UW Pass Offense vs. NU Pass Defense
The hope for the past two weeks was that senior cornerback Alfonzo Dennard would be back in the starting lineup after sitting out with a leg muscle injury since early in fall camp. At the moment, it looks as if Dennard is going to be shelved again against Washington, which changes the whole dynamic of this particular match-up. Now, sophomore Ciante Evans and sophomore Andrew Green will get their biggest test of the year against the Huskies experienced receiving corps.
Led by seniors Jermaine Kearse and Devin Aguilar, Washington returns its top two receiving threats from last season. Aguilar is the Huskies' top target, and Kearse burned Nebraska for a touchdown bomb last year in Seattle. While he suffered a minor knee injury in the first game, two of Kearse's three catches on the year have gone for scores. Maybe the most dangerous receiving threat is freshman and former five-star tight end Austin Seferian-Jenkins, who has four catches for 101 yards and a touchdown so far.
Nebraska had all kinds of trouble slowing down Fresno State quarterback Derek Carr last week, particularly having issues with his mobility and making plays out the pocket. Husky quarterback Keith Price is by no means what Locker was last year, and his mobility will be somewhat slowed from a knee injury he suffered in the opener. However, Price has the ability and the receiving targets to make the young Huskers' secondary have a long day.
Special Teams, What If's and The X-Factor
Junior kicker/punter Brett Maher has proven he's as good as almost any kicker in the country, so just like when Alex Henery was around, Nebraska more often than not gets the edge automatically in the kicking and punting game. Then you have to add in the emergence of freshman Ameer Abdullah, who is on his way to establishing himself as one of the best return men in the Big Ten. Behind Abdullah, the Huskers currently lead the nation in kickoff returns (42.2 yards per return) and rank 13th nationally in punt returns 16.8).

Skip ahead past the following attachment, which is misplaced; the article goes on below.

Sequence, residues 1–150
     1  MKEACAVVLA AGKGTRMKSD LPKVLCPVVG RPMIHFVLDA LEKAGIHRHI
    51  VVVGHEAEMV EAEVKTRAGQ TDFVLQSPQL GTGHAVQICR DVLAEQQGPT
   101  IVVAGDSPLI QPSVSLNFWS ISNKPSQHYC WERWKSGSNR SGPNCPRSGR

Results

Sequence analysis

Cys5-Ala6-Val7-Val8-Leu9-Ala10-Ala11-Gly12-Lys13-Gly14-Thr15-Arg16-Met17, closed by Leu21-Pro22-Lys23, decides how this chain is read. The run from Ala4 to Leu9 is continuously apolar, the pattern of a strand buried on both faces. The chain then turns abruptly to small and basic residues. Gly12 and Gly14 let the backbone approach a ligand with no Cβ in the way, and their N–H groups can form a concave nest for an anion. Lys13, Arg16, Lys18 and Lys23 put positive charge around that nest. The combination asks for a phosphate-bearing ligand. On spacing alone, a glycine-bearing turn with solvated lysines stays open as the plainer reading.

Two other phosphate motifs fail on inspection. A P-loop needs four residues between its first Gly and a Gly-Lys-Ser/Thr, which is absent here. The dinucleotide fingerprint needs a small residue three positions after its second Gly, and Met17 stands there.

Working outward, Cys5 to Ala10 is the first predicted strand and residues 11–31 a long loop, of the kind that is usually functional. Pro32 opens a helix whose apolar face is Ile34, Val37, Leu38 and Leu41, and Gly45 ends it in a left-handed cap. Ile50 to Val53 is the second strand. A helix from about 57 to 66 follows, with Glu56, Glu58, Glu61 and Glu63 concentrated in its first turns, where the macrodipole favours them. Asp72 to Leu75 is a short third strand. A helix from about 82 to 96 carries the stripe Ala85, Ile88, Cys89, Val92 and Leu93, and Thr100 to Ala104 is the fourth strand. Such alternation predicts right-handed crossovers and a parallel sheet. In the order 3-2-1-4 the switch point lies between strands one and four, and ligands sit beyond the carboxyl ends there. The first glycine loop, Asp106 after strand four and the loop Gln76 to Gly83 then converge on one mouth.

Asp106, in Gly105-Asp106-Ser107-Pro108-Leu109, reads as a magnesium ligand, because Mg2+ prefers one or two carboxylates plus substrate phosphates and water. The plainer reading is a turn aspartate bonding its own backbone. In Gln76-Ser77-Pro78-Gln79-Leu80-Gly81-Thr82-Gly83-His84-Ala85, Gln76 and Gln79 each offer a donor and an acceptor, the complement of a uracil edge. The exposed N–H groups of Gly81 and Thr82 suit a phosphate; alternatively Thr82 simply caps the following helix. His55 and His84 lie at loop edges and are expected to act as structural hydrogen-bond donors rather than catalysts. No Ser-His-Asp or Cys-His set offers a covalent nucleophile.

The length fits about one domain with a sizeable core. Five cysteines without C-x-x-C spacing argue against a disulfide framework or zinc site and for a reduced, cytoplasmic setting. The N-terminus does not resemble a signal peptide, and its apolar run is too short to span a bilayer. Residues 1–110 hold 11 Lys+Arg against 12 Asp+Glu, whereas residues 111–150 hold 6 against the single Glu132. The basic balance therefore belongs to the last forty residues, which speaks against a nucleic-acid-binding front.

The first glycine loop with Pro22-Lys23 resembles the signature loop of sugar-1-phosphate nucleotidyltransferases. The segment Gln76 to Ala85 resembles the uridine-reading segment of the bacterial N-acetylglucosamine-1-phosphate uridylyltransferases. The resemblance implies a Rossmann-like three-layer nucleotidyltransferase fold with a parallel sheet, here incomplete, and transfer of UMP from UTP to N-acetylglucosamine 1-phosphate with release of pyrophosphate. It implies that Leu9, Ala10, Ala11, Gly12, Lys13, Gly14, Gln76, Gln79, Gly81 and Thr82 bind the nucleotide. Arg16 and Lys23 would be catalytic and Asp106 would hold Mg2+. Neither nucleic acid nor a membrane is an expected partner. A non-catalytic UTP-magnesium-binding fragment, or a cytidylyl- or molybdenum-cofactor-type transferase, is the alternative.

Washington's special teams have gotten significantly better under head coach Steve Sarkisian, and the Huskies do rank third in the Pac-12 in kickoff returns (25.9). Matched up with the kicking and return games of the Huskers, though, it's tough to consider any team as having the advantage.
Nebraska Will Win If:
It can run the ball effectively between the tackles and grind out some long drives, while also slowing down Washington's running game and forcing Price to beat it through the air. More so than any game so far this season, the Huskers have to find a way to dominate the trenches on both side of the ball and take advantage of opportunities in the passing game when they come about.
Washington Will Win If:
It does the same things Nebraska needs to do in terms of owning the line of scrimmage. Just like the Huskers, the Huskies are going to come in and prove they're the more physical team on both sides of the football. If they can come out and punch Nebraska in the mouth from the opening possession, it could set the tone of a big upset.
With all of the comparisons that can be made between these two teams, there might not be a more vital aspect to the game than turnovers. When you consider Nebraska has had some serious issues with holding onto the football (Martinez in particular) and then put that against a Husky team that ranks sixth nationally in turnover margin at +2.5, ball security will never be more important for the Huskers.